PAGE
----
It would also have been logical for Dlamini-Zuma to distance herself from the stench of the Gupta emails, especially considering they had nothing to do with her. The campaign of her main competitor, Cyril Ramaphosa, has been significantly strengthened by him speaking out against state capture and repeatedly calling for a judicial commission of inquiry into the mounting allegations. Ramaphosa’s campaign has morphed into an anti-corruption ticket basically by him stating the obvious: a full-scale, credible investigation is required.
But Dlamini-Zuma is doing no such thing. She is not making any effort to separate herself from the capture contagion. Clearly it serves her agenda.
The secretary general position is essential to control the functioning of the ANC. While the Guptas might not have captured Gwede Mantashe, his erraticism and volatility did not do much to protect the ANC from their influence. But the Guptas did have a handy insider in the office of the ANC secretary general in the form of Mantashe’s deputy, Jessie Duarte. She is entangled in their network and also exposed as talking to their script.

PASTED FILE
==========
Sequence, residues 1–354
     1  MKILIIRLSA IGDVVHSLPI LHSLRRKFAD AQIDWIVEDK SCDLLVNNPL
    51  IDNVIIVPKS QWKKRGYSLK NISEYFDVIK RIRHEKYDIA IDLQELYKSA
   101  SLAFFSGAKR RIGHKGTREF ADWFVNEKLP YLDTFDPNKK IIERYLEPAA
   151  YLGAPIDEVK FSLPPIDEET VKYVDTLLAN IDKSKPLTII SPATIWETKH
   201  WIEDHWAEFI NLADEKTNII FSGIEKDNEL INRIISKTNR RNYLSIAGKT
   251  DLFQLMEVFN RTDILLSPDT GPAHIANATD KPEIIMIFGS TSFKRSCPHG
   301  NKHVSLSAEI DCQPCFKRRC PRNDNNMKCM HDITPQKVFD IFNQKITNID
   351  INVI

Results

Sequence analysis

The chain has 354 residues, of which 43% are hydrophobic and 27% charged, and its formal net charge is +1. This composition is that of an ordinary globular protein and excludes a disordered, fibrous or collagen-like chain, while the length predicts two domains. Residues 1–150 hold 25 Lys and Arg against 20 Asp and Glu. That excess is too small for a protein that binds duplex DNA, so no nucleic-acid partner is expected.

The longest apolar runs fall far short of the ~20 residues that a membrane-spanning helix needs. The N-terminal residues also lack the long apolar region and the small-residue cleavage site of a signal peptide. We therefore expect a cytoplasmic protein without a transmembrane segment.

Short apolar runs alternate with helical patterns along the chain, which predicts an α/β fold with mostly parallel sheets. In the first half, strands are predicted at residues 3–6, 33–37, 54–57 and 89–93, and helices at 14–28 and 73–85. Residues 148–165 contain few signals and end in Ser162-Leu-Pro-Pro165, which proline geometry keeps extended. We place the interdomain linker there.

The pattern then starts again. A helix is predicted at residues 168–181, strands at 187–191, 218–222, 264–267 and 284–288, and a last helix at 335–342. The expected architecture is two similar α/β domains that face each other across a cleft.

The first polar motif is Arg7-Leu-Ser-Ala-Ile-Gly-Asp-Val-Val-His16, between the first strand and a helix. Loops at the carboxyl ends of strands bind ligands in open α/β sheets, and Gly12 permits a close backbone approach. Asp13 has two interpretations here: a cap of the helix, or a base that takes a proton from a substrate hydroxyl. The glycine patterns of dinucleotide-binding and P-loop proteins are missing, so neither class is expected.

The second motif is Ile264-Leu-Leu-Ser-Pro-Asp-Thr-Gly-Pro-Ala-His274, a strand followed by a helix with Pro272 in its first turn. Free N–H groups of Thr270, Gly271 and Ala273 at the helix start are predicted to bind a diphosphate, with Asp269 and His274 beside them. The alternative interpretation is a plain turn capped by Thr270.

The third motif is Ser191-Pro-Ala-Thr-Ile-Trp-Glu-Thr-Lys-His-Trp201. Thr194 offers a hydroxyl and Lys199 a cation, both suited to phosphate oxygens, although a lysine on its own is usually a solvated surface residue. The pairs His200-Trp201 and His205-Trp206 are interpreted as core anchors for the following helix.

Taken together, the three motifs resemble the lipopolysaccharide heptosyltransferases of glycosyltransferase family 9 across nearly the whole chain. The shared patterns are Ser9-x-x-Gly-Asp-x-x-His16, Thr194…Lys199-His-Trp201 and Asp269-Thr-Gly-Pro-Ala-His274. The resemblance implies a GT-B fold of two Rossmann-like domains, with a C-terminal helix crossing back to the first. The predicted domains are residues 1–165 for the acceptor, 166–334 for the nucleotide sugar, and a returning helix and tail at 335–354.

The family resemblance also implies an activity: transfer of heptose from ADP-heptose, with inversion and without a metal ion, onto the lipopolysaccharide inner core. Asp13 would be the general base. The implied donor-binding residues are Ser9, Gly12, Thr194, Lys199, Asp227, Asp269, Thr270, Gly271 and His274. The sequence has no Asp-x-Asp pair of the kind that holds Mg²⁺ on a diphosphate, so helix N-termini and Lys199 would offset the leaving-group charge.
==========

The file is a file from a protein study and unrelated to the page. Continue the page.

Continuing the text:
The Guptas are now looking to seize control of the office of the secretary general entirely. Free State Premier Ace Magashule is the candidate who will deliver the ANC in its entirety to the family.
Magashule has already been a handy asset for the Guptas, delivering massive provincial deals and feeding their media entities through the provincial coffers. His sons, Tshepiso and Thato, were exposed in the emails as having been ensnared in the Gupta network for some time. Magashule clearly has ambitions and a higher calling now.
Opposition to his candidacy came from a surprise source in the past few days. Mbalula indulged in a spontaneous Twitter blast in which he recommended Gauteng Premier David Makhura for the position of secretary general.
“Ace Magashule a definite no no no the man will finish what is remaining of our movement he will kill it inffect #Thinkingaloudbeyond,” Mbalula tweeted. This was followed by: “Ancyl let’s rally behind David Makhura as a replacement to Gweede Mantashe #ThinkingBeyondFactions”.
Mbalula reaffirmed his sentiments to the Sunday Times, saying he had nothing against Magashule personally but believed the secretary general position was essential to the ANC’s survival.